'Solo: A Star Wars Story' Review Round-Up: A Largely Entertaining Origin Story

Solo: A Star Wars Story is about to land in theaters after a highly-publicized and turbulent flight, and if you'll allow me to belabor the metaphor, it sounds as if director Ron Howard managed to pull this particular spaceship out of a potentially disastrous nosedive and smooth things out in a satisfying way.

The Solo A Star Wars Story reviews are in, and despite the fact that exactly no one asked for a Han Solo origin film, critics are largely pleased with the latest entry in this franchise. Read excerpts from a handful of reviews below.

Solo A Star Wars Story Reviews

Andrew Barker at Variety says the film leans a bit too much on fan service, but it's still mostly entertaining:

Though burdened with a slow start and enough thirsty fan-service to power Comic-Con's Hall H for a decade, it has a kicky, kinetic heist movie at its heart, and its action sequences are machine-tooled spectacles of the first order. Its performances, starting with Alden Ehrenreich as the young Han Solo and extending to the film-stealing Donald Glover as his wily frenemy Lando Calrissian, are consistently entertaining. And thanks to cinematographer Bradford Young, "Solo" allows for moments of real grit and something approaching interstellar realism amid all of the expectedly topnotch VFX.

Peter Bradshaw at The Guardian gave it four out of five stars and says it's a "crackingly enjoyable adventure."

Solo: A Star Wars Story moreover has a glorious origin myth meet-cute to set up one of cinema's greatest bromances: the stoic wookiee Chewbacca and the insolently handsome freebooting rebel pilot Han Solo – and Alden Ehrenreich absolutely crushes the role to powder, swaggeringly reviving the memory of the young Harrison Ford's romantic gallantry. And there's another meet-cute, come to think of it: the love that flowers between man and machine, between the reckless pilot and the sleekly iconic Millennium Falcon.

Mike Ryan at Uproxx wasn't particularly impressed with the movie's opening act:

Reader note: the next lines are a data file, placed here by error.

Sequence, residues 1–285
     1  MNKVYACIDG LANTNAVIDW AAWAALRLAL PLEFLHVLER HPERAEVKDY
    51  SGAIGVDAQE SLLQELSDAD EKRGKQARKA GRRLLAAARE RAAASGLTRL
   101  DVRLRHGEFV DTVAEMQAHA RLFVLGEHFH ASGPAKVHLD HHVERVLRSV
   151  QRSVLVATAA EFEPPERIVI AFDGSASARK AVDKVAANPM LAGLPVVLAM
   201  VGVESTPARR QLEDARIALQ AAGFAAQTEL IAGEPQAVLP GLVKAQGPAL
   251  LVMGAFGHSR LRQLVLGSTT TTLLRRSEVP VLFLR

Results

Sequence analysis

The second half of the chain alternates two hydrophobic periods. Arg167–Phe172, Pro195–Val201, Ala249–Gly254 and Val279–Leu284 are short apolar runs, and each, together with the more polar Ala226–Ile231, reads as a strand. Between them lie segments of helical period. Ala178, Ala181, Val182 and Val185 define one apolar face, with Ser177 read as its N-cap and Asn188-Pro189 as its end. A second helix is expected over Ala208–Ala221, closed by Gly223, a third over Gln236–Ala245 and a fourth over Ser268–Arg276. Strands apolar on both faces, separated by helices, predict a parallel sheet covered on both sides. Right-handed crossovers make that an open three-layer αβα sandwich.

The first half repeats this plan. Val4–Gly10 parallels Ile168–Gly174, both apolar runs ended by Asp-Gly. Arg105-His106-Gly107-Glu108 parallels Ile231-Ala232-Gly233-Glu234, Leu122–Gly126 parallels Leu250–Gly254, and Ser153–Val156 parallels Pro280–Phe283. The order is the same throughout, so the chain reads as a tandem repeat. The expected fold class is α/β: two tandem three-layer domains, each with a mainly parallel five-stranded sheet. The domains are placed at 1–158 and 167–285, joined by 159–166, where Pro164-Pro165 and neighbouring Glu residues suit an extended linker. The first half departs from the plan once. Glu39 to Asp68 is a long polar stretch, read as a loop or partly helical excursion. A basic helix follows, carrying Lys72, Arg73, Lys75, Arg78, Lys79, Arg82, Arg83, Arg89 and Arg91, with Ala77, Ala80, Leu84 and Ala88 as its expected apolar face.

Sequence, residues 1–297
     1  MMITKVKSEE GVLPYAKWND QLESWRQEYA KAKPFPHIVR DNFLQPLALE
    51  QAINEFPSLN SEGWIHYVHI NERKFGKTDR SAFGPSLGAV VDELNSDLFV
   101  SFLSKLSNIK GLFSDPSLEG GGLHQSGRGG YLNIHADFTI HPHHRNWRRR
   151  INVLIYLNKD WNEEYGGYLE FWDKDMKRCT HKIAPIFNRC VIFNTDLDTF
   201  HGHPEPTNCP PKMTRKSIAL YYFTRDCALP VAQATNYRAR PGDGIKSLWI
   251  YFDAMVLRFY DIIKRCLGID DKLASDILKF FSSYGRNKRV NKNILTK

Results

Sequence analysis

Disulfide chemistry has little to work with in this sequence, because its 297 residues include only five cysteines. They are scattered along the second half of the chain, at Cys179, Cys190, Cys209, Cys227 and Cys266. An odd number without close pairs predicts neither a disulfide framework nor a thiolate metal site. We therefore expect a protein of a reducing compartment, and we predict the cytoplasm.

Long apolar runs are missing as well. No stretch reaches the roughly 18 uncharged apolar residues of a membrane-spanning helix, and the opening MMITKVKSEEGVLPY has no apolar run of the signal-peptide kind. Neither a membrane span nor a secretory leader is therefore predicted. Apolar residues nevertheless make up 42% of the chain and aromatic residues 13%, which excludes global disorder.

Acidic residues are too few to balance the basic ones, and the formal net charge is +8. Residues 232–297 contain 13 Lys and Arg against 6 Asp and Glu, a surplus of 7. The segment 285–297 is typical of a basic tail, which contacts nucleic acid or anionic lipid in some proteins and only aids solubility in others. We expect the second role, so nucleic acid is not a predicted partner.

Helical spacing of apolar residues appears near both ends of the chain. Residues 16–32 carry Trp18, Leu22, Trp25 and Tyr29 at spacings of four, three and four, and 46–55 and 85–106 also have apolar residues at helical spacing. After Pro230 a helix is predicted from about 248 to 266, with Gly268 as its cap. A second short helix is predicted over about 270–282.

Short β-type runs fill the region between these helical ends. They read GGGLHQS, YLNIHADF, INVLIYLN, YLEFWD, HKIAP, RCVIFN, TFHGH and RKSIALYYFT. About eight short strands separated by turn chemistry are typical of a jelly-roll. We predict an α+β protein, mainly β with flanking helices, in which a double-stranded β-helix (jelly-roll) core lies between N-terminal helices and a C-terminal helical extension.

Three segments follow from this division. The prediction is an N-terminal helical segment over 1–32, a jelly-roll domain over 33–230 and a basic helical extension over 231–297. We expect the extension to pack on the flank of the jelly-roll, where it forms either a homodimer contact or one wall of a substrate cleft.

The first act of Solo is everything I didn't need out of a movie about Han Solo. I kind of wish this movie was titled, Han Solo and the Kessel Run, or whatever, and we just jumped into the action. We know who these characters are! Because I sure didn't need to know what Han was doing as a young man on Corellia or see him the first time he says, "Watch this," only to have things go terribly wrong. Or to watch Han and Chewbacca meet for the first time. Or to watch Ehrenreich try to speak Wookiee. Or to watch Han tell Chewbacca that Chewbacca needs a shorter nickname. Or watch Han and Chewbacca share their first shower together. (This actually happens. It's a long story.) There's also a scene I won't mention here, for fear it's too spoilery, that made me let out an audible groan. In a way, it's everything I was dreading about a Solo movie.

(Once the plot picked up the pace a bit, Ryan's enjoyment increased as well and it sounds like he ended up liking it.)

Michael Rechtshaffen at The Hollywood Reporter says the film probably won't end up in the upper echelon of Star Wars movies when all is said and done, but he still found it to be a welcome return to the franchise's roots:

Especially when following in the turbo-charged footsteps of last winter's The Last Jedi and other recent Star Wars epics, this origins story represents a return to the saga's more humble, original space Western roots — one that places a premium on character development over kinetic, adrenaline-fueled action sequences.

That emphasis certainly plays to the talents of director Ron Howard, whose most memorable films tend to be known for their colorful protagonists rather than their pulse-pounding battle sequences. As a result, Howard, who took over the reins from original directors Phil Lord and Christopher Miller some five months into shooting (the original team departed over creative differences), gets plenty of entertaining mileage out of Han Solo & Co.'s formative years, even though he never quite manages to launch the Millennium Falcon into hyperdrive.